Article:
How to Hydrate: Navigating the Water Market
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Since childhood, we can recall the importance of hydration for our health. Pages in science textbooks in elementary school laid out water’s benefits, with charts showing the human body being roughly 60% of water and the recommended amount of eight glasses a day.
However, the textbooks didn’t account for many choices are available to stay hydrated. The water sales market has, indeed, become saturated with options for purchase, such as smart, mineral, vitamin, and even flavored water.
Marketing tactics vs. the truth about water
“These smart and vitamin water beverages may seem like a good option, but many times we already get these additional benefits through solid food,” says Diego Alejandro Garzon, a registered dietitian with the University of Miami Health System. “Beware of the many water alternatives as some may have added sugars and be more beneficial if you are being physically active vs. sedentary.”
If you decide to consume these types of water, always ensure you are aware of any existing health conditions they may affect. The added electrolytes, including sodium or sugar, may add up if that is the only water type you consume daily.
What about filtered, distilled, or spring water?
While these are under the umbrella of plain water, there is a difference in their purification levels.
Distilled water is a type of purified water that removes contaminants and natural minerals. In contrast, spring water is purified by natural filters, like sandstone, clay and limestone — all sampled and analyzed to meet FDA and EPA standards for consumption.
“For most healthy adults, there is no need to consume a specific type of water,” Garzon says. “Most regular consumption, tap water or spring water are solid choices since they tend to contain important minerals and electrolytes that may be missing from people’s diet.”
Where does flavored water fall in the health spectrum?
Found in packets or liquid forms, flavored water has been marketed as a fun way to drink water by changing its color and flavor. This form of water may benefit those that do not like the taste of regular water or are looking to change things up a bit.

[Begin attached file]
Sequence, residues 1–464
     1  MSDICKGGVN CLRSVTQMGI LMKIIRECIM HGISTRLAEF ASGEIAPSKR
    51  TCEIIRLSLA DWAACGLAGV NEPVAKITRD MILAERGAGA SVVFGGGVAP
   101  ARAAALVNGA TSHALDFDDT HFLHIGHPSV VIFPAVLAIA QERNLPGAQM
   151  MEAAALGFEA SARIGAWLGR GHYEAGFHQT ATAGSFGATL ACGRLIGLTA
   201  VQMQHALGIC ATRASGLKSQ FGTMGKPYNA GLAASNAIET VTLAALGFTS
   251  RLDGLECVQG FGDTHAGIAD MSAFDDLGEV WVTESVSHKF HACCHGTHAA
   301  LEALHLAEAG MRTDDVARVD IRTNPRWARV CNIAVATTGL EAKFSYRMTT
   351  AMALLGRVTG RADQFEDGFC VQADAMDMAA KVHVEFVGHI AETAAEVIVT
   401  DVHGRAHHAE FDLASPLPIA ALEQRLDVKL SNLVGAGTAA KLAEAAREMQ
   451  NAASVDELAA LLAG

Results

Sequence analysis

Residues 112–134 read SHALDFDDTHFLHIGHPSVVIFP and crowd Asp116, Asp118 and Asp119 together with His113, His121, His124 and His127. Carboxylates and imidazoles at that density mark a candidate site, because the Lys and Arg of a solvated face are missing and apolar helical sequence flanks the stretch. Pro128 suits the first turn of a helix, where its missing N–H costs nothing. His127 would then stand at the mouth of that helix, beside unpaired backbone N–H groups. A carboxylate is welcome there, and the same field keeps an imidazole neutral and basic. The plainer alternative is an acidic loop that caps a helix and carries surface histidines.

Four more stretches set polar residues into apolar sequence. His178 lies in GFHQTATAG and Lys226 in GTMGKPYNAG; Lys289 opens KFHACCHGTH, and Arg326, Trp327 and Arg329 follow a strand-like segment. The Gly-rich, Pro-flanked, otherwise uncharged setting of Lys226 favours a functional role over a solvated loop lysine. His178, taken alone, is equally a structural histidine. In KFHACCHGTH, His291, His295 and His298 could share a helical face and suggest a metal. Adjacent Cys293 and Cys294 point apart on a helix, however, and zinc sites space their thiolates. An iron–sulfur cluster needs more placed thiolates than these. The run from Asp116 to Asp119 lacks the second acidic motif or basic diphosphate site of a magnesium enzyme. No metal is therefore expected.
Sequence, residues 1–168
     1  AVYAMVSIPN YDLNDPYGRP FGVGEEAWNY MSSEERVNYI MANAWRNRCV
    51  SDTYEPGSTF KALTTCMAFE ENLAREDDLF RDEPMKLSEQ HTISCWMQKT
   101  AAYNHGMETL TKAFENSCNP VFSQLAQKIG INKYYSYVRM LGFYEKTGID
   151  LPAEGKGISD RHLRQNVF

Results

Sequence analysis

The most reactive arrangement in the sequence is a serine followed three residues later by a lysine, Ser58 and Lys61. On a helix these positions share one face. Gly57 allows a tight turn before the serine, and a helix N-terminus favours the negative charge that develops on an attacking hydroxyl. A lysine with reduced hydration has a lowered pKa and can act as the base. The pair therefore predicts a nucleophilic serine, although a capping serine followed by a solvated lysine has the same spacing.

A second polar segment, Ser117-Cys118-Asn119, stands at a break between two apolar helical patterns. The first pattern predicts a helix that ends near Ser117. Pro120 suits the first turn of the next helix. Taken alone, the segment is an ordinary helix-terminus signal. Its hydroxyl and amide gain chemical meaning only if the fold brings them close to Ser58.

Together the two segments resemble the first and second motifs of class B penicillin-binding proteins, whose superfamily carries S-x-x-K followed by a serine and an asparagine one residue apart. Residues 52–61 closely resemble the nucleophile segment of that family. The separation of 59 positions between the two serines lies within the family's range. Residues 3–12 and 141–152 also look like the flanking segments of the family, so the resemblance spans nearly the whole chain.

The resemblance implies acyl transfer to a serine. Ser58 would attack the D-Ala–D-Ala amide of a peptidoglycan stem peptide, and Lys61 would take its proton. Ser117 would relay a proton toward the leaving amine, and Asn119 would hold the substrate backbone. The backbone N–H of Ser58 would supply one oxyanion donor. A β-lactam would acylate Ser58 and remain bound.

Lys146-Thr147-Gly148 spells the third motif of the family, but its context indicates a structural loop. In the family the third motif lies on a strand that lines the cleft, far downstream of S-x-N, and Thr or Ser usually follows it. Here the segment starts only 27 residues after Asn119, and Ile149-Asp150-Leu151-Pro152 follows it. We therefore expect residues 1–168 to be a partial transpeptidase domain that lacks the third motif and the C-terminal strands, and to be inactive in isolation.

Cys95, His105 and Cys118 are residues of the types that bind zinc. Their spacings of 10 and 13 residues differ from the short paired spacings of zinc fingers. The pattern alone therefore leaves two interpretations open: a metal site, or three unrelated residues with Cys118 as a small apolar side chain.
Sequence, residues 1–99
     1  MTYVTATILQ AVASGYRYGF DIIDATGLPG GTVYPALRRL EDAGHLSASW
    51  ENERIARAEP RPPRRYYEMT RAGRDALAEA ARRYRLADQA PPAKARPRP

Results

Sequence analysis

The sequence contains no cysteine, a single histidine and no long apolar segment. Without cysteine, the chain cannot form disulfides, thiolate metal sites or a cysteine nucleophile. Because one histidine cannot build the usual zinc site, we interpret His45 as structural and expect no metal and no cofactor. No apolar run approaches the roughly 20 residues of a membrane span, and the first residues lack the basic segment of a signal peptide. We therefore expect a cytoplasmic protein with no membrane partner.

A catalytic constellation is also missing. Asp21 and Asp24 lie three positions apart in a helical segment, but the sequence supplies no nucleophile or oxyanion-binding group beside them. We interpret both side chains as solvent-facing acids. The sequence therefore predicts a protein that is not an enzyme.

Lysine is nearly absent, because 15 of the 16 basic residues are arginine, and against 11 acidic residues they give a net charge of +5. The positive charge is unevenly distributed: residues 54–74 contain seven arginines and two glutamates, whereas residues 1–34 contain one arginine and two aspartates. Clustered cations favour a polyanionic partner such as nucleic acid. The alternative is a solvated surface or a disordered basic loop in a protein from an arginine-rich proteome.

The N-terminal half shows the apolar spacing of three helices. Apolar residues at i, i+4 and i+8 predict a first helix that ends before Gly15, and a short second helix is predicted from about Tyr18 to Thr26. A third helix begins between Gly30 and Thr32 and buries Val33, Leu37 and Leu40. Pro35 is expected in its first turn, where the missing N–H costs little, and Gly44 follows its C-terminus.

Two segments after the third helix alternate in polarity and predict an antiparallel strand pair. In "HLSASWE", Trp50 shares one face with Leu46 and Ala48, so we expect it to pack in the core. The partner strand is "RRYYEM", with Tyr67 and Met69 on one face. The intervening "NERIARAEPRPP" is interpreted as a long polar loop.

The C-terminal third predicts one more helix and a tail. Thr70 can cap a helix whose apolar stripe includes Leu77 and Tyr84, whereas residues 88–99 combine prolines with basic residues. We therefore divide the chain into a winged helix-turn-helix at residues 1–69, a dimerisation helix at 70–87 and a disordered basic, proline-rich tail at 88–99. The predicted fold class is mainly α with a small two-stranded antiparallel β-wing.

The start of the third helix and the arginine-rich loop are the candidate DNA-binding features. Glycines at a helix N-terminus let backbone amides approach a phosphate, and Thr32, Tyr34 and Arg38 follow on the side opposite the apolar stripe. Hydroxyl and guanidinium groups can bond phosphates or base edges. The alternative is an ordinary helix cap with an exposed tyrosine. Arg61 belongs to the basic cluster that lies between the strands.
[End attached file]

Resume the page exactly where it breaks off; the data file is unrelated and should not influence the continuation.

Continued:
“While there are some great flavored/enhanced waters out there, it’s important to be aware of waters that may have added sugars,” Garzon said. “Making sure we are reading the food label of these beverages is important.”
When it comes to water consumption, there is no one size fits all approach.
Stay in tune with your body’s cues, whether through water bottles that keep track of your water intake, drinking eight glasses a day or whenever you feel thirsty.
The many different types can have additional benefits, such as electrolytes for optimal performance or provide a more enjoyable way to consume water. All of these are safe while in moderation and awareness of any existing physical conditions such as chronic kidney disease, heart failure and diabetes.
It’s also important to remember we also get water from the foods we eat, emphasizing the value of some fruits and vegetables, especially if they are raw.
“The main goal with hydration is to make it a priority in your day,” Garzon said. “Get a large water bottle, fill it with some ice, add some fresh fruit for taste and enjoy a refreshing day within moderation.”
Joseph Garcia is a Communications Specialist at UHealth.